Optic Nerve

The optic nerve is like a telephone cable that connects the eye and the brain.  Light is focused in the through the clear cornea and lens onto the retina.  This amazing living tissue changes the light energy into chemical and electrical signals that pass along the optic nerve to the brain.  Any disease that causes damage to the optic nerve leads to loss of vision and complete blindness in some cases.

Hundreds of different conditions can cause damage to the optic nerve.

They are broken down into several basic categories.

  • Blood flow related (Ischemic Optic Neuropathy)
  • Inflammatory (Optic Neuritis)
  • Infectious (Syphillis, Tuberculosis)
  • Infiltration (Cancer cells)

As an “optic nerve” specialist in Las Vegas Dr. DeBry has examined, tested, and photographed over 50,000 optic nerves in his 12 years of practice.  Our clinic has the best equipment available to assess a patient for optic nerve disorders.  Please contact our office if you would like to schedule an optic nerve evaluation.  Feel free to browse the other optic nerve-related topics on these web pages.

Diplopia (Double Vision):

Misalignment of the eyes resulting in seeing two images of an object in space. Closing one eye alleviates the double. Caused by a problem with one or more muscles of the eye. Not to be confused with monocular (one eye) double vision, which persists even when closing one eye. Usually due to a cataract or dry eye condition.

Sixth Nerve Palsy:

The problem with the muscle responsible for moving the eye out to the ear.

Causes double vision straight ahead, worse when trying to look to the side.  Common in the elderly who have high blood pressure and diabetes and in younger patients with neurologic diseases such as multiple sclerosis.  Usually, resolves without treatment in 6-8 weeks.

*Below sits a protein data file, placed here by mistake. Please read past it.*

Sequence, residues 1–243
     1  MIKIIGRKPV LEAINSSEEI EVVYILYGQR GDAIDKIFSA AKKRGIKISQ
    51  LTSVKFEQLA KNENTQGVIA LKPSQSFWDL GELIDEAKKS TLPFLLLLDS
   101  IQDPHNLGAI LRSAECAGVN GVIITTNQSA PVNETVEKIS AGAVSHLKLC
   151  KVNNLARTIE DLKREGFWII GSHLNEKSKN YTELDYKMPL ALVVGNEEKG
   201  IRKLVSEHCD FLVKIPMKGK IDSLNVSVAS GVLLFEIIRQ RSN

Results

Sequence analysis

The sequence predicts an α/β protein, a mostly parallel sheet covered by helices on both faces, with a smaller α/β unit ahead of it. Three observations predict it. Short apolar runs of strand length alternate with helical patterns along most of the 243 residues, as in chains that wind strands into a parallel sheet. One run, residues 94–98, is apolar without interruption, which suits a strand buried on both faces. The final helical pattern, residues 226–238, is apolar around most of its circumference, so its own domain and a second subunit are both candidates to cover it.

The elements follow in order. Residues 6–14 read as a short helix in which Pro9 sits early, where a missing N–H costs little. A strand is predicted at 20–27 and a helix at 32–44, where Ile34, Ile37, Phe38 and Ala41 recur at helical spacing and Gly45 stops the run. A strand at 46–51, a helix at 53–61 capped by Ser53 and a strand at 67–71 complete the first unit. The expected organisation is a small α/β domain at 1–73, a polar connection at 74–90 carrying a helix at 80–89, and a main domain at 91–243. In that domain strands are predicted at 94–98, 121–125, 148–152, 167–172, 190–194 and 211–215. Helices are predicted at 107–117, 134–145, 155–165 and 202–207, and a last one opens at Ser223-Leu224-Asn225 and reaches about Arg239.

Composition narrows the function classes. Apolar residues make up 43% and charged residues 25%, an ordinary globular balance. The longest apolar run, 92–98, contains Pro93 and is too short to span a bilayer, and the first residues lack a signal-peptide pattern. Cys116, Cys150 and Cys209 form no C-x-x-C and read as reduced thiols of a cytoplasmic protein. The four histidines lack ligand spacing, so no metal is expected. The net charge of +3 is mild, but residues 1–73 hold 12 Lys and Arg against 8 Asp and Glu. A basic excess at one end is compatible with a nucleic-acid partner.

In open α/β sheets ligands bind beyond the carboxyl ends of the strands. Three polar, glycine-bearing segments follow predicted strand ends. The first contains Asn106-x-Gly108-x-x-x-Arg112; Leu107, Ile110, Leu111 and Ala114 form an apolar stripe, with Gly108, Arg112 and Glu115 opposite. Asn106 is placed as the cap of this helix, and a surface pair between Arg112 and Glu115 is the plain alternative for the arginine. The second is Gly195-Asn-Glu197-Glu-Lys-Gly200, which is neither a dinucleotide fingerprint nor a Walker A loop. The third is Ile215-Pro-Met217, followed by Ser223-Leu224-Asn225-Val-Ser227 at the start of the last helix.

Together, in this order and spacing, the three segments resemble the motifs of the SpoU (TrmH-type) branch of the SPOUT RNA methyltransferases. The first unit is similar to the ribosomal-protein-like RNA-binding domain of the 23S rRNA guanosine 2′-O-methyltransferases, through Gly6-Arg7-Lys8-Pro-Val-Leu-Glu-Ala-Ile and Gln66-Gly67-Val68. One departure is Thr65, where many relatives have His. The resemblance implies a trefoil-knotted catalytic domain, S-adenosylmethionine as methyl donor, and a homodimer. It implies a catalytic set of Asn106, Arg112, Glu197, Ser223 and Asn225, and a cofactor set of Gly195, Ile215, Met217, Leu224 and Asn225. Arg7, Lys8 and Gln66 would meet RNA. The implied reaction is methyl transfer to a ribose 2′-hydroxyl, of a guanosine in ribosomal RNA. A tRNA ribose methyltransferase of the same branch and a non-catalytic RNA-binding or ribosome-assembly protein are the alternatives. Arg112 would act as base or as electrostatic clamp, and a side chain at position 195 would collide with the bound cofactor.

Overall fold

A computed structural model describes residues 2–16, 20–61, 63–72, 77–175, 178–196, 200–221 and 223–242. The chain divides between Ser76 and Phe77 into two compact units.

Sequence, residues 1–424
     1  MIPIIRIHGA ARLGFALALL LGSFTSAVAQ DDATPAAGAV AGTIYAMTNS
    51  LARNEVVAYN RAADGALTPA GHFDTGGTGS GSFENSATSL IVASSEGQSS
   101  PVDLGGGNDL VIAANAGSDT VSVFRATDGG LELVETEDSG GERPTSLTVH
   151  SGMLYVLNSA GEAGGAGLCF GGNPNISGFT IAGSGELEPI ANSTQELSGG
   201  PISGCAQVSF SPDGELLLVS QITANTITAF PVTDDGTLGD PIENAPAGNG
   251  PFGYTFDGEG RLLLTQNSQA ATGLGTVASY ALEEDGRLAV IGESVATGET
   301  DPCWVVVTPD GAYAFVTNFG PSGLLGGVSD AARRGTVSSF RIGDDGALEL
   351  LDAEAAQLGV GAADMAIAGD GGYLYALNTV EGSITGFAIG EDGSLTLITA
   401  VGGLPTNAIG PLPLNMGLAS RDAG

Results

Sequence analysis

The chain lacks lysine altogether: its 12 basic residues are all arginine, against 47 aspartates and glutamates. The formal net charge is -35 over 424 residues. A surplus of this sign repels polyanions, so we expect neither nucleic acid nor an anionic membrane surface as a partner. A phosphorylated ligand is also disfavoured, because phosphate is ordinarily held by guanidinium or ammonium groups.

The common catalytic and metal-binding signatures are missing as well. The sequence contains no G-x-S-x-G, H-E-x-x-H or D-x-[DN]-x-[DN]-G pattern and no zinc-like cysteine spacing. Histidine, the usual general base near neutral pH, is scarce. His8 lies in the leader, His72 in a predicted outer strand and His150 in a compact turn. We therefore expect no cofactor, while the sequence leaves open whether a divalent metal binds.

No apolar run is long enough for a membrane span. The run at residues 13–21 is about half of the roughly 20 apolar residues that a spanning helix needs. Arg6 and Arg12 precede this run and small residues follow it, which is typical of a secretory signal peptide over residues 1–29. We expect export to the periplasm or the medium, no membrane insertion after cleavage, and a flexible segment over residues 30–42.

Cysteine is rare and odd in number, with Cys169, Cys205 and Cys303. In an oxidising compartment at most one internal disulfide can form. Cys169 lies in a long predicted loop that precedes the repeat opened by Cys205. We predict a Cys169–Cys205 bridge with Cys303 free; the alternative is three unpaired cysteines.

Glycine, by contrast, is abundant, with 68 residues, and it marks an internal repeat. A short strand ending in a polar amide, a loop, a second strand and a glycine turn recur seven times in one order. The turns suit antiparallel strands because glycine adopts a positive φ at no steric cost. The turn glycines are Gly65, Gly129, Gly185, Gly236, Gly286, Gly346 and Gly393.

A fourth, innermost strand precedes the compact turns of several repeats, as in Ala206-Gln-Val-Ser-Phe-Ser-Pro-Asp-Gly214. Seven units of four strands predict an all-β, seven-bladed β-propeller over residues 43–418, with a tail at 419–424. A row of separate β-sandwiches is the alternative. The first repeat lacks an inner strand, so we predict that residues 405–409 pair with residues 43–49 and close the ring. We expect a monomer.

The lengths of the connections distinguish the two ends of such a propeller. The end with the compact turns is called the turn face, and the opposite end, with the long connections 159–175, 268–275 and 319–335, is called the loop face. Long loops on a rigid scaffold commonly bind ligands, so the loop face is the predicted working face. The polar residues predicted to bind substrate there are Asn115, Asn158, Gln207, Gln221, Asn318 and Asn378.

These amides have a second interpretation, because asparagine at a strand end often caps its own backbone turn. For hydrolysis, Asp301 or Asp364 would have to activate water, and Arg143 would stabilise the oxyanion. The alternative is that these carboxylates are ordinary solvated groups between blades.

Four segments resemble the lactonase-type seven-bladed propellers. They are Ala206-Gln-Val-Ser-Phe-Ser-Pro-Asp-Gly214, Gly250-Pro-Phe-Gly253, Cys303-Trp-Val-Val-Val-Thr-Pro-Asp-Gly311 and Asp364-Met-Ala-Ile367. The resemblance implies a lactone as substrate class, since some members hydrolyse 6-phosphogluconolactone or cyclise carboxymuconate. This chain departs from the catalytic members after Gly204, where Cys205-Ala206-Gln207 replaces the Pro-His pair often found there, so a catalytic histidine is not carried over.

Droopy Lid (“PTOSIS”):

Droopy lids are common with age, the muscle responsible for lifting the lid gets weaker with age or if it occurs suddenly or intermittently may be a manifestation of neurologic disease such as myasthenia gravis.

Proptosis (Exophthalmos):

“bulging or protruding eyes or eye” is a manifestation of crowding in the orbit where the eye and the extraocular structures are contained. It may be a manifestation of large muscles and fat that are seen in Thyroid eye disease (TED) or a more serious manifestation of orbital disease from cancer or inflammatory disease.

Thyroid Eye Disease (TED):

Related to but not caused by an autoimmune Thyroid disease called Graves disease.  Patients with TED present with bulging of the eye, double vision, droopy lids, and dry eyes. It usually affects the eyes asymmetrically so one may notice one eye looks bigger than the other.

Anisocoria (Physiologic):

20 percent of the population have unequal pupils. It is of no neurological consequence. It is referred to as Physiologic anisocoria.

Anisocoria (NON-Physiologic):

Non-physiologic “unequal pupils” may be due to trauma, eye surgery, eye drops, systemic medications you are taking, or more serious causes such as a tumor or aneurysm. Also, the larger pupil is not always the “problem” pupil.

Intermittent Aniscoria:

It is common to have intermittent unequal pupils such as during a headache or during stressful times. Pupils that return to normal are not an emergency.

Third Nerve Palsy:

The third nerve of the brain is responsible for pupillary function, moving the lid up and moving the up, down, and towards our nose. A third nerve palsy presents with a droopy lid, inability to move the eye and sometimes pain.  It is associated with high blood pressure, diabetes, and Herpes Zoster. Usually self-limited and improves over time without treatment. If the pupil is involved, it is more ominous and may herald a tumor or aneurysm without pain.